In their paper, the researchers describe how they applied the model to CA125 — an FDA-approved biomarker for ovarian cancer.

When the team considered blood biomarkers shed by both tumor cells and healthy cells, they determined that currently available tests would only be able to detect a tumor when it had grown to a size of about 1.7 billion cells, around the size of a 2 cm cube. Furthermore, they estimated that it could take the tumor more than 12 years to grow to this detectable level.

By shifting certain parameters of the model, they were able to demonstrate the features that would be necessary to detect tumors at a much smaller size. For example, they found that a hypothetical marker shed only by ovarian tumor cells would be able to detect a tumor around 10 millimeters in diameter, which would require around nine years of unnoticed growth.

A key finding of the paper is that even with current biomarker-based tests, tumors can go unnoticed for ten or more years, the researchers noted. By that time, the cancer is likely to have metastasized to other areas of the body, making it much more deadly than if it had been caught early on.

"The good news is that we have, potentially, 10 or even 20 years to find the tumor before it reaches this size, if only we can improve our blood-based methods of detecting tumors," Gambhir said. "Our mathematical model will help guide attempts to do that."

He noted that the method could be applied to other cancer types beyond ovarian cancer provided there is enough data to feed the equations.

"We can tweak one or another variable — for instance, whether a biomarker is also made in healthy tissues or just the tumor, or assume we could manage to boost the sensitivity of our blood tests by 10-fold or 100-fold — and see how much it advances our ability to detect the tumor earlier on," he explained.

Gambhir added that the method can also identify biomarkers other than proteins, including DNA and microRNA markers.

Besides highlighting the limitations of current cancer clinical assays, the Stanford study discusses the need for more sensitive diagnostic tests.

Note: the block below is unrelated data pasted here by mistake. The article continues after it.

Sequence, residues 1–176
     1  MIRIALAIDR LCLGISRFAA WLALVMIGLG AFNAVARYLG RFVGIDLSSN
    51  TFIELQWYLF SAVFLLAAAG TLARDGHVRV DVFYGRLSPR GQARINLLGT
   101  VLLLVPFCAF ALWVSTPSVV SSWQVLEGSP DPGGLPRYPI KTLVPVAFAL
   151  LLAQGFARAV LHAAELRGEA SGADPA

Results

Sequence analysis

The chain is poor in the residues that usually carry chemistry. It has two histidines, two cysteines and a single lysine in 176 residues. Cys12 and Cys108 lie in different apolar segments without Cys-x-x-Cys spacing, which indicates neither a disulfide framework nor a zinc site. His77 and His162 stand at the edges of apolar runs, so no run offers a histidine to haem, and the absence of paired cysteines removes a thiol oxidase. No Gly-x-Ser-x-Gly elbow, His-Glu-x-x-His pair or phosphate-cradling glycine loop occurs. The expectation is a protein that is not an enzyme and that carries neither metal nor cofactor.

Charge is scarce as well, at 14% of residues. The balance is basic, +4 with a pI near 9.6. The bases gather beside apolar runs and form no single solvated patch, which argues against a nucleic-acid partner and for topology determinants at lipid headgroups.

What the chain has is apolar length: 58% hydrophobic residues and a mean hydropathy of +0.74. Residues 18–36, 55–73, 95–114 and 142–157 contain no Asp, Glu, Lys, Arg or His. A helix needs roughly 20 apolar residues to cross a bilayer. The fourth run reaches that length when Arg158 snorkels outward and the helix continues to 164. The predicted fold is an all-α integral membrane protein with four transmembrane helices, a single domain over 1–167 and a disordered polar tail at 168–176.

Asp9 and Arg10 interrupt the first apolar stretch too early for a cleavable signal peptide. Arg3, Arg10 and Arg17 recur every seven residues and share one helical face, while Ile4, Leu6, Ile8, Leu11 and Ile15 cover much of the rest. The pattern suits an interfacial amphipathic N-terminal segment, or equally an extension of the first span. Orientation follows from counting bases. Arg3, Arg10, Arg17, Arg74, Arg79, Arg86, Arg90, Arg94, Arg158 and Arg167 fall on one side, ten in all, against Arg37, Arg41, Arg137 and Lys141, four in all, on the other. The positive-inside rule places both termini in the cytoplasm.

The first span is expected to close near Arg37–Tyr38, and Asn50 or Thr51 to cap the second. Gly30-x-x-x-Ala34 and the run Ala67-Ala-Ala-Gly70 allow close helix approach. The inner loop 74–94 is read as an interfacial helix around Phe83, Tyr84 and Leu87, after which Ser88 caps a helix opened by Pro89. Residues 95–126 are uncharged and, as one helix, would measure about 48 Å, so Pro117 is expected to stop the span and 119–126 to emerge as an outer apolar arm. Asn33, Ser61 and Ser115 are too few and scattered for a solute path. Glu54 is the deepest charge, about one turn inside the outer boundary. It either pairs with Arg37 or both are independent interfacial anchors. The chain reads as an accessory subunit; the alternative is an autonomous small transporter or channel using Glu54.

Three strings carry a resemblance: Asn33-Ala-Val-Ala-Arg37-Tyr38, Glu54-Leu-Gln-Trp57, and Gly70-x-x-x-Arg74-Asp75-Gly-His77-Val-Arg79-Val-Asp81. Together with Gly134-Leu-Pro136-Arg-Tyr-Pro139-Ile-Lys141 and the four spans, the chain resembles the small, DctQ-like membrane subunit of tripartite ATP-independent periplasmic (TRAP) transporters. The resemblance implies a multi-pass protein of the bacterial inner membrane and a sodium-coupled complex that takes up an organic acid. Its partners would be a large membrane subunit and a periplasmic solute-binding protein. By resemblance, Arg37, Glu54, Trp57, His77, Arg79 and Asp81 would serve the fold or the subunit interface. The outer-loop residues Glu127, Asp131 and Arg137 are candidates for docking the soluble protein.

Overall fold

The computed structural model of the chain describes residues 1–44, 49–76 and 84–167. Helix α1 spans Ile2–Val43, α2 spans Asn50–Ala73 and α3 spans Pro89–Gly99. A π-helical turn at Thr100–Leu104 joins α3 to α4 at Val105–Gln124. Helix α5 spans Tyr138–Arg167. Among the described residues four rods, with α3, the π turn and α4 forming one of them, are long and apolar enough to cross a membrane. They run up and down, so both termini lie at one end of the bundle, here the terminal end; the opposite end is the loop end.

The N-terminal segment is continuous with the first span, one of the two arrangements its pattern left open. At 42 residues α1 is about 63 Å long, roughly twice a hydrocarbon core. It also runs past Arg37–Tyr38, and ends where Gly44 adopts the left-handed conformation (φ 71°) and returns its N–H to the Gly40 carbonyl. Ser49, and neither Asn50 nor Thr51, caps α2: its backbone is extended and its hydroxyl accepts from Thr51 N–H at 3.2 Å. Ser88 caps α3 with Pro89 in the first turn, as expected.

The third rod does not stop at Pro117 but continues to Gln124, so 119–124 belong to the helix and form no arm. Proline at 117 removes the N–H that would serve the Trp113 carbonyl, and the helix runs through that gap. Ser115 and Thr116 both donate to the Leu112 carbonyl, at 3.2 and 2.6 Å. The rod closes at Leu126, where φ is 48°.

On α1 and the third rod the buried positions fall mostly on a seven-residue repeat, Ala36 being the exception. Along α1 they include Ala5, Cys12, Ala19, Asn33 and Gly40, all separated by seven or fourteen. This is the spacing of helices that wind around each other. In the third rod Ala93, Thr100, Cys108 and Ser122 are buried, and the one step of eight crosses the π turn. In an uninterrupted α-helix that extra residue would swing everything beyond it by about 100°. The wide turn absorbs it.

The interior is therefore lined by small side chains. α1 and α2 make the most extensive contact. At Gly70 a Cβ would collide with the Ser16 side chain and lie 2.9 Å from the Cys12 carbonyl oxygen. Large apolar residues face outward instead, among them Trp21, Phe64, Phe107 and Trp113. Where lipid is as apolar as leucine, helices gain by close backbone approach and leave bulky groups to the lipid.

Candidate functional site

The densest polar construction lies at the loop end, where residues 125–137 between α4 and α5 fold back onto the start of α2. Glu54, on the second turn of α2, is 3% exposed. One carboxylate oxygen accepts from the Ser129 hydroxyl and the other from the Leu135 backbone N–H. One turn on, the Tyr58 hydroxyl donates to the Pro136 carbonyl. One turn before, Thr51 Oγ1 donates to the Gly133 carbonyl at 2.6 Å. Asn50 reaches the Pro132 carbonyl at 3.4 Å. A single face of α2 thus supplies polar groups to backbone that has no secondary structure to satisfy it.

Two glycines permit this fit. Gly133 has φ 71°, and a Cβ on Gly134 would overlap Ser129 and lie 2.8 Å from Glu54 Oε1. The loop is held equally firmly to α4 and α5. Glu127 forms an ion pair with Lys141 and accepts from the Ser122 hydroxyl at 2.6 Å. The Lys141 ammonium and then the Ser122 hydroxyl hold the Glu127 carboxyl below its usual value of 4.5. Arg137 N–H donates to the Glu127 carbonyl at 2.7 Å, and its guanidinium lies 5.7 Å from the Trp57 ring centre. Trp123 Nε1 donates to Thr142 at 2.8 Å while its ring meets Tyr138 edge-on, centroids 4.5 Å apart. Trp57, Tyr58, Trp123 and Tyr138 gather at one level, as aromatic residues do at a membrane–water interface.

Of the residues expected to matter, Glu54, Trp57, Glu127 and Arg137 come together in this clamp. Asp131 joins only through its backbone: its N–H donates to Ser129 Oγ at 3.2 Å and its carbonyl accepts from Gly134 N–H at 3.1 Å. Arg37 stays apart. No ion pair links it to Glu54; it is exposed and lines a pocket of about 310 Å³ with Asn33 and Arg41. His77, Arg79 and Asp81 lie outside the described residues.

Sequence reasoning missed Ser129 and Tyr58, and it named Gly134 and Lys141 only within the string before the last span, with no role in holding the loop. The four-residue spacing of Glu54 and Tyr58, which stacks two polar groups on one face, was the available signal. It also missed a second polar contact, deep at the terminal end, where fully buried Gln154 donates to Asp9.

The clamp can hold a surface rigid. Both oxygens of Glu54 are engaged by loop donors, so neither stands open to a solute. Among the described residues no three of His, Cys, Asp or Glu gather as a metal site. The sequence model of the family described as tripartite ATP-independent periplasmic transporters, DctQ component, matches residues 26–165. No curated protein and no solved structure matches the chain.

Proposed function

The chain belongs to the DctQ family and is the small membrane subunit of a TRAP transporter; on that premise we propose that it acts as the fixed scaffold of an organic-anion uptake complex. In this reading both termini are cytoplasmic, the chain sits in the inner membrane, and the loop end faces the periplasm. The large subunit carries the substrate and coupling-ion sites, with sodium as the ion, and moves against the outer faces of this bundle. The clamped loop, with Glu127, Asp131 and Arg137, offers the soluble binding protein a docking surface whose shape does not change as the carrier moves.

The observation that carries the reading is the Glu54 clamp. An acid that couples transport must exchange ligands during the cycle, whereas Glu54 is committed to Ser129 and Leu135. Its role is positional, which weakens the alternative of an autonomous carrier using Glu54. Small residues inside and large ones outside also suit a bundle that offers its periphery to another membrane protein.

The researchers note, for example, that a 10-fold improvement in assay detection limit could identify a 5 mm diameter tumor, which would be around eight years old.

Currently, the team is using mouse models to test whether the model's predictions hold up in vivo, Gambhir told BioInform.

He also said that since the method is fully described in the Science Translational Medicine paper, test developers should be able to use it as long as they have the requisite data about the properties of the biomarkers of the cancer in question.

Catch 'em Young

In the paper, the authors point out that although cancer can be treated effectively if caught early, the bulk of medical diagnoses are made when the disease is quite advanced.

As an example, the paper states that ovarian cancer patients diagnosed at stage I have 5-year survival rates of around 90 percent, but the reality is that "more than 80 percent of ovarian cancer patients are diagnosed when symptoms arise during stages III and IV, when 5-year survival rates become less than 30 percent."

"There aren't a lot of early cancer detection tests or ones that work," Gambhir told BioInform, adding that current tests monitor tumors' response to therapy in patients that have already been diagnosed with cancer or, as in the case of CA125, detect elevated levels of biomarkers that indicate that the disease has reached a relatively advanced stage.

He likened the problem to crab grass growing on a large field. "While its much easier to find the crab grass after its spread all over the field ... trying to find the crab grass when it first starts, when there is one patch … is very hard because there is less information and less evidence that it's there."


Have topics you'd like to see covered in BioInform? Contact the editor at uthomas [at] genomeweb [.] com.